2 taking out a mortgage to buy a home, governments selling bonds to pay for a budget deficit, and you taking out those student loans. The interrelations between the markets can be seen in the Circular Flow Diagram that allows you to follow the flow of money through the economic system. You can start anywhere and then follow the flow through the system, and we'll start in the output market and keep it real simple and just "FOLLOW THE MONEY." Firms bring the "stuff" they produce to the output market and pay their workers wages and investors dividends equal to the value of what they bring to the market. The value of what firms produce and bring to the market is Gross Domestic Product (GDP), a term you will here used quite frequently. In a well functioning system, the income generated in production should generate enough demand to purchase all that is supplied, so inventories (unsold goods) would not pile up. We call this demand, Aggregate Demand (AD) for US "stuff," and we start with the households that received the wages and dividends as income. Households take some of the income and spend it on "stuff," which is called Consumption spending (C). Some of the income they receive will not be spent on stuff. Some will "leak" from the system when households pay Taxes (T) and some will leak out as Transfer payments (R) such as Social Security or unemployment benefits. Additional funds "leak" from the system when households Save (S), which supplies funds to the capital market, and when households buy Imports (M) by going to the foreign currency market to convert $s to foreign currencies to buy that French wine. We now have three leakages of $s from the economic system - savings, net taxes, and imports. For the system to "work" the amount of money the firms pay out as income must become demand for the "stuff" produced by those firms, and for this to be true "injections" must offset the leakages or there will not be enough money left in the system to buy all of the "stuff." This is where the other markets play a key role. 2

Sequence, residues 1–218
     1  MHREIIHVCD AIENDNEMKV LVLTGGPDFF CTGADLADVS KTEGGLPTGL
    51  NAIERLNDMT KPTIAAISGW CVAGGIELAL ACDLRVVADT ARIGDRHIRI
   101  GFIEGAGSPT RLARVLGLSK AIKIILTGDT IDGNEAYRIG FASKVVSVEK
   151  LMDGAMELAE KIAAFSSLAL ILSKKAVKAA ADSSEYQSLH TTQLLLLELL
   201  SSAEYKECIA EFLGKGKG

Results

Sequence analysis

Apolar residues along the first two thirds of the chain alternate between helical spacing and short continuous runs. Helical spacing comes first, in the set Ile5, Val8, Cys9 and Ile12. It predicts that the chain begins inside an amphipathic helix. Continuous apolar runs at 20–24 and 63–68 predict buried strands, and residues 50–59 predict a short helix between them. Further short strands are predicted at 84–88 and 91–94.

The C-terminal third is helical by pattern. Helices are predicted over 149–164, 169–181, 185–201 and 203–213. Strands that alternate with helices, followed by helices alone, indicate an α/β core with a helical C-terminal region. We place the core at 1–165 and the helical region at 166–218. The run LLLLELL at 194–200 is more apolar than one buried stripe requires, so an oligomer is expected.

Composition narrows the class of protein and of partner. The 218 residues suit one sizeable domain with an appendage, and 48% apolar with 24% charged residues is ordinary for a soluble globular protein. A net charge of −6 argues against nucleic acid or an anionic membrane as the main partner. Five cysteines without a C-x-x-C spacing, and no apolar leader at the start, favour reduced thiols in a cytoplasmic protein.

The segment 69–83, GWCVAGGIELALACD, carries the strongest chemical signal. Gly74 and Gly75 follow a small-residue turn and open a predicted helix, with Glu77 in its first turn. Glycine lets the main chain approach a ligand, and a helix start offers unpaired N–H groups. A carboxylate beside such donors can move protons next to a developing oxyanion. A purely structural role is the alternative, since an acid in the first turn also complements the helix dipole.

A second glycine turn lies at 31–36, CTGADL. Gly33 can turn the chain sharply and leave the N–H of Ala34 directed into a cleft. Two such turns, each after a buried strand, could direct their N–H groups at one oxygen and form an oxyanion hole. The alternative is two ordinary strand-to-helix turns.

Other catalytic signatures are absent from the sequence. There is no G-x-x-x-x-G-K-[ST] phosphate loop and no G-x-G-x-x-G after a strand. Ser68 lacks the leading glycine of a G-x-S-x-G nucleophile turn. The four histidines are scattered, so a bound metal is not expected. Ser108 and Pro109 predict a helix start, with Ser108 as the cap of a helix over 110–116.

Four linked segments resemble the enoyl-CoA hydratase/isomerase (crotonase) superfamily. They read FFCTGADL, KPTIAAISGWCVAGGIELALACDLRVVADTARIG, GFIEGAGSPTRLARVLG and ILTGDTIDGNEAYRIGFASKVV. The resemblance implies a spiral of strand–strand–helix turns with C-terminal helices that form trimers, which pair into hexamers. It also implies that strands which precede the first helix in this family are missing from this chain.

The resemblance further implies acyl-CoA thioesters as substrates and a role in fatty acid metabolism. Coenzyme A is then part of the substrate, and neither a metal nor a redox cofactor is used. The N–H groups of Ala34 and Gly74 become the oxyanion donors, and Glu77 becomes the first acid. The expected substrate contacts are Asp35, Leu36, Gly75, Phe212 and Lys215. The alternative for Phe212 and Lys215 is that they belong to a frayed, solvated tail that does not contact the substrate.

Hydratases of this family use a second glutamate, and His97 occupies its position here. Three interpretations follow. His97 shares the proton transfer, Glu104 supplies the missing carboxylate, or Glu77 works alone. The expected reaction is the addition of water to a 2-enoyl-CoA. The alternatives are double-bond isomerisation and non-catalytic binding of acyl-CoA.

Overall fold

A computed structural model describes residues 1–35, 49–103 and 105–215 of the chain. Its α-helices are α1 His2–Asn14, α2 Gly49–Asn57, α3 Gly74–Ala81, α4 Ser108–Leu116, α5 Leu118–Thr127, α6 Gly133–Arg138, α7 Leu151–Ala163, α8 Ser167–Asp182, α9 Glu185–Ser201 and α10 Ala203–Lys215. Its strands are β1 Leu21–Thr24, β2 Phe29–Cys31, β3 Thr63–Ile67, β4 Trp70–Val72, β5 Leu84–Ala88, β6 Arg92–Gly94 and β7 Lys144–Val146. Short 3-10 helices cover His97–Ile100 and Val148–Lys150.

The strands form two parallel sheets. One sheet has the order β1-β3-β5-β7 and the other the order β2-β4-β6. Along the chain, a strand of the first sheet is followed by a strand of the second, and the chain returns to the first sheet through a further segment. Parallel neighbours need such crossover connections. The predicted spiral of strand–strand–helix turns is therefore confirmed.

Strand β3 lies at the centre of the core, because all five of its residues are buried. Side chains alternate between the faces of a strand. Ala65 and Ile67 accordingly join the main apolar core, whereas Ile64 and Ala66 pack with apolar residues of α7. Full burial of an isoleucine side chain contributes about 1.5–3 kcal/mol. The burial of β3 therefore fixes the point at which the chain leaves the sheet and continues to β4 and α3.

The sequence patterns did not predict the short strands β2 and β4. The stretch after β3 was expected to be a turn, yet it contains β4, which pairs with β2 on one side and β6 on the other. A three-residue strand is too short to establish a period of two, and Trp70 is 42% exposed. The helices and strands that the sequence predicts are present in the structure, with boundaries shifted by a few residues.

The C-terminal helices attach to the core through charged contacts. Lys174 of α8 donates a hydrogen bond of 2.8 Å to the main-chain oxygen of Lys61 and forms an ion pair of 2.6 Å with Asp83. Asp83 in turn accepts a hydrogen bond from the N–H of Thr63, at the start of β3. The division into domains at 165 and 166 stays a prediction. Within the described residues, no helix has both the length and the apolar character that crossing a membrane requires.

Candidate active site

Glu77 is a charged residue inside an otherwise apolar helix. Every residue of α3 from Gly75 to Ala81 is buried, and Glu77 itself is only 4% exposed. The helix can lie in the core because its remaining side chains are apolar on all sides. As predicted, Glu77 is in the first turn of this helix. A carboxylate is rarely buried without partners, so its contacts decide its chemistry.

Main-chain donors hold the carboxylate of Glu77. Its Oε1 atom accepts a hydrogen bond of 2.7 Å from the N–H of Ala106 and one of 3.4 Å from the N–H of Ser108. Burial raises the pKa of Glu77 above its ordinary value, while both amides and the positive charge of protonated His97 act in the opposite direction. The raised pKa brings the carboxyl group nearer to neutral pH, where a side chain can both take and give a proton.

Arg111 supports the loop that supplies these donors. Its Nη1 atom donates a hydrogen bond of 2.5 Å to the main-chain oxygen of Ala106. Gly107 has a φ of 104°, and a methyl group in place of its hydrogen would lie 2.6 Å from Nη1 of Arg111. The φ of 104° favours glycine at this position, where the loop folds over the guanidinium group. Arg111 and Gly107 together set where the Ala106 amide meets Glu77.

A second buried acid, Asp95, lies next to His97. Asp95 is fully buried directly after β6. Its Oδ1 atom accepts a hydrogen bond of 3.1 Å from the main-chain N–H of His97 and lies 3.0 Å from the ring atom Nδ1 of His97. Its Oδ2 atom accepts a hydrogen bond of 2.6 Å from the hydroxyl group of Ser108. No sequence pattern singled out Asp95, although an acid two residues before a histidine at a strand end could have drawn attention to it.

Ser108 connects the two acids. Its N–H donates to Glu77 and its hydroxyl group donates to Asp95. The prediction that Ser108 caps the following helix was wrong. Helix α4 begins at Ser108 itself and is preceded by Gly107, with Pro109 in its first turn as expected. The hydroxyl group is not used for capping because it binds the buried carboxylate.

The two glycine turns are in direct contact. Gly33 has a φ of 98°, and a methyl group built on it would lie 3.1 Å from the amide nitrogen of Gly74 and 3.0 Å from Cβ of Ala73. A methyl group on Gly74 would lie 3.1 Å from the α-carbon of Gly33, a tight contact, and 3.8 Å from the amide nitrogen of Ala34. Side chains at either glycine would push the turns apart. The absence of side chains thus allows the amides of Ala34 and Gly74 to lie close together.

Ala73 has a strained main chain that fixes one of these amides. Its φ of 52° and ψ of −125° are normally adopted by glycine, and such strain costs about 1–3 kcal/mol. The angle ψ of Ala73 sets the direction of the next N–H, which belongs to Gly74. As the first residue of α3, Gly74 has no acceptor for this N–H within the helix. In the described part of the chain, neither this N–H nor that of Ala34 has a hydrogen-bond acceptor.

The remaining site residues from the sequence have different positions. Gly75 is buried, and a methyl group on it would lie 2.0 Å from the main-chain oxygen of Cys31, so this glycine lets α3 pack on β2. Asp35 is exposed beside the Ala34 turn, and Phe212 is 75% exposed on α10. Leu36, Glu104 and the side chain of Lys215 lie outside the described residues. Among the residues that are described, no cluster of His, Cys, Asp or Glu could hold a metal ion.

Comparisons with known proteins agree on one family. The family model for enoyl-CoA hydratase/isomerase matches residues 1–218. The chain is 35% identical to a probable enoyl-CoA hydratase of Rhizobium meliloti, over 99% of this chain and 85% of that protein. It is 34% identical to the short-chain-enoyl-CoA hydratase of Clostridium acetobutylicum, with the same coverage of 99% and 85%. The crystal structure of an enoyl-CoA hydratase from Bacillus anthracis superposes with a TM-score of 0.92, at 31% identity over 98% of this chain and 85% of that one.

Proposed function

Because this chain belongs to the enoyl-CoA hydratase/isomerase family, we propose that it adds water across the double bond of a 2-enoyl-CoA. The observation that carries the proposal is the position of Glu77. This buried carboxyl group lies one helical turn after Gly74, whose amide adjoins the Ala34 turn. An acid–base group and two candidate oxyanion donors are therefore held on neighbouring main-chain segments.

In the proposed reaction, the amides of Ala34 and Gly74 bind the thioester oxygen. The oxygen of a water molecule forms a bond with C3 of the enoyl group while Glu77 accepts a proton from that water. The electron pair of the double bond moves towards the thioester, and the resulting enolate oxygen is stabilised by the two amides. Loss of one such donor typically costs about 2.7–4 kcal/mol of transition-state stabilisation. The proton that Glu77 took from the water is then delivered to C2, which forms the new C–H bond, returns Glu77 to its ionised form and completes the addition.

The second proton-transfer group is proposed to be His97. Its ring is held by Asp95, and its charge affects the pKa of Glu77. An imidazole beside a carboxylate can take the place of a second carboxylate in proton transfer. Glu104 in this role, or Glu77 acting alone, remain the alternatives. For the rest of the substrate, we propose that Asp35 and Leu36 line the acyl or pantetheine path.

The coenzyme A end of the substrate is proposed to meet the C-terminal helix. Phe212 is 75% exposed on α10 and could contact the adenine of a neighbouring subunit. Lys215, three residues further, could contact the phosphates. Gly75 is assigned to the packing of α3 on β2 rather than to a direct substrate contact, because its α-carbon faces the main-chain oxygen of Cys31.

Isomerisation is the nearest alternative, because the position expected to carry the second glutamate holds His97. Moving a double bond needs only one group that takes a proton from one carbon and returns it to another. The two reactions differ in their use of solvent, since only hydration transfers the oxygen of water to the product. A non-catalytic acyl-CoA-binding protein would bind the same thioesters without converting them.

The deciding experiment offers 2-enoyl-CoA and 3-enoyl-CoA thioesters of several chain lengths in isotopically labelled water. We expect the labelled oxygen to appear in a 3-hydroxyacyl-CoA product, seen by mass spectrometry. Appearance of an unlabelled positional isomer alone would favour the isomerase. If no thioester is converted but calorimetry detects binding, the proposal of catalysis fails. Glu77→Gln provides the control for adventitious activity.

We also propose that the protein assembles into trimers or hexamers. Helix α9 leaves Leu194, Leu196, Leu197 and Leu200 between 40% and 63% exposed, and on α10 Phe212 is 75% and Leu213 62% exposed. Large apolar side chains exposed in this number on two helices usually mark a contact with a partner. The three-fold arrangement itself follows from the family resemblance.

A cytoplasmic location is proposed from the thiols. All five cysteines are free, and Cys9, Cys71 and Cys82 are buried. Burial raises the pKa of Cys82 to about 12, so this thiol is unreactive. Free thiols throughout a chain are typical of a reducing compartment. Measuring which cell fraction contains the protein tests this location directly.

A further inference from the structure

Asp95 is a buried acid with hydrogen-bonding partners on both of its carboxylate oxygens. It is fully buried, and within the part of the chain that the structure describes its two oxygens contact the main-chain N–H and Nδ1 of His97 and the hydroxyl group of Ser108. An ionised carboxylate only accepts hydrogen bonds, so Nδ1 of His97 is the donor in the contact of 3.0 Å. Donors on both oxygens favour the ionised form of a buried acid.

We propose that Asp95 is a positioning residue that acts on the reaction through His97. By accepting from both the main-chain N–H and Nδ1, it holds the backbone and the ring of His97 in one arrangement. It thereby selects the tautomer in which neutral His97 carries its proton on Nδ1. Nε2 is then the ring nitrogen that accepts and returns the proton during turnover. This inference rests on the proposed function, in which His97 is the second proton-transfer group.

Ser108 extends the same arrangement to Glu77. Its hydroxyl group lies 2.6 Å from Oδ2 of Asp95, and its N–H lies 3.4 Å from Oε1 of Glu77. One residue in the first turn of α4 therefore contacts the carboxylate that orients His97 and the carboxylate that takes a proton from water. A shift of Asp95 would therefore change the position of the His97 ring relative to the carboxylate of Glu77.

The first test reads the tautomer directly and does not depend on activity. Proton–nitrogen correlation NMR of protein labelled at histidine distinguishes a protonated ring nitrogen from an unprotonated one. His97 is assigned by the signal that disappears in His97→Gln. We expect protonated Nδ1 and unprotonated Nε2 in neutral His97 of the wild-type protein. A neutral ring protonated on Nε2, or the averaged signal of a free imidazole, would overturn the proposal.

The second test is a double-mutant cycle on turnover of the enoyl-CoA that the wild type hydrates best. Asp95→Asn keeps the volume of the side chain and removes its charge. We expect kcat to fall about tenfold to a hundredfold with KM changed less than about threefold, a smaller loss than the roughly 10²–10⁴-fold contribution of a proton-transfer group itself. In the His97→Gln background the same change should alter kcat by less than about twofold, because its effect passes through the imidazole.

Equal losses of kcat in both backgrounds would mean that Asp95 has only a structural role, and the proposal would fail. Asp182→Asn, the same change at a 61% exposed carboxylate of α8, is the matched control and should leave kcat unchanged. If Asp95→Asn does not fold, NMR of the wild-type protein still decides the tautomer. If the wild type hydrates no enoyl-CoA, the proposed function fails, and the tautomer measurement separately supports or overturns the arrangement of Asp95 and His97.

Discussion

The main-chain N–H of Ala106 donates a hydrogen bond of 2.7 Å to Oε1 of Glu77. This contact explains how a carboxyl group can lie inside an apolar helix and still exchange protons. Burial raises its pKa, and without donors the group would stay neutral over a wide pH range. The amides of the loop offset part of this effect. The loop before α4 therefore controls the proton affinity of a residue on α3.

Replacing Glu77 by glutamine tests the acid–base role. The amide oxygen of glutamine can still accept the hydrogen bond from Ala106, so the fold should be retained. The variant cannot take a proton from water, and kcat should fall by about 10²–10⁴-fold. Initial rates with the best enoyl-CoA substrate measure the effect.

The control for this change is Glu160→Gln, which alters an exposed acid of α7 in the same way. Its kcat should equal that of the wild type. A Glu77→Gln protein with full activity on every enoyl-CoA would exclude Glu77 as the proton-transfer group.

3 Do they recycle the money that leaks out of the system to sustain demand for the stuff? Do these other markets generate spending that is injected into the system? One injections is business spending on new factories and machines - Investment Spending (I). Firms go to the capital market to borrow funds to finance their buying of "stuff." The net taxes drained from the system will be recycled by the government and will emerge as Government Spending (G) on missiles, public school teachers, and judges. If the government spends more than it takes in, it needs to go to the capital market to borrow funds to cover the budget deficit. As for the funds leaking from the system to pay for imports, they would pass through the foreign currency market and reemerge as an injection of funds back into the system when the rest of the world bought our "stuff" what is called Export Spending (X). Any discrepancy between the level of imports and exports shows up in the balance of trade. There is a balance of trade deficit if (M>X) and a balance of trade surplus if (M<X). If all is well, these three injections - investment spending, government spending, and export spending - will offset the three leakages. We have now traced the flow of funds from the output market, through the complex system of aggregate markets, and an understanding of the interaction between these markets is a key to understanding macro economic theory and policy. For example, a crash in the price of stocks occurring in the US capital market is likely to have a negative impact on the output and labor market. As individuals' perception of their wealth is eroded they would reduce their consumption expenditures, which reduces aggregate demand in the output market. As firms cut back their output to bring production in line with demand there will be layoffs reflected in employment declines and a rise in the unemployment rate in the labor market. Similarly, the decision by OPEC to raise the price of oil, which directly affects the output market, will certainly have impacts felt in the labor and financial markets. i In the remainder of the course we will examine in detail these four markets and how they can be influenced by public policies. Before we look more deeply into the macroeconomy, however, we will need to look more closely in the macromeasurement unit at the macroeconomic variables you are familiar with from your reading of newspapers and magazines and from television news stories. We will start with a detailed treatment of two of these markets - the output and labor markets. Show Me the Data Where do you go if you need to track down some information on the macroeconomy? It turns out the circular flow diagram helps when you are tracking down information on the macro economy because there is a separate government agency primarily responsible for the collection and distribution of data on each of the markets. To help find information on the web, you should access Information Sources that contains an index of sources. If you want some time-series data, then check out Historical Data Series (US) where you will find some good all-purpose sites. Three of my favorites are the Statistical Tables from the Economic Report of the President, a great source of annual data, FRED Data, a data bank maintained by the Federal Reserve where you can find quarterly or monthly data and generate some professional graphs, and the Economic Time-Series Page where you can also generate Kool graphs online for many important economic variables. Here is a graph of the euro/us$ exchange rate from FRED. 3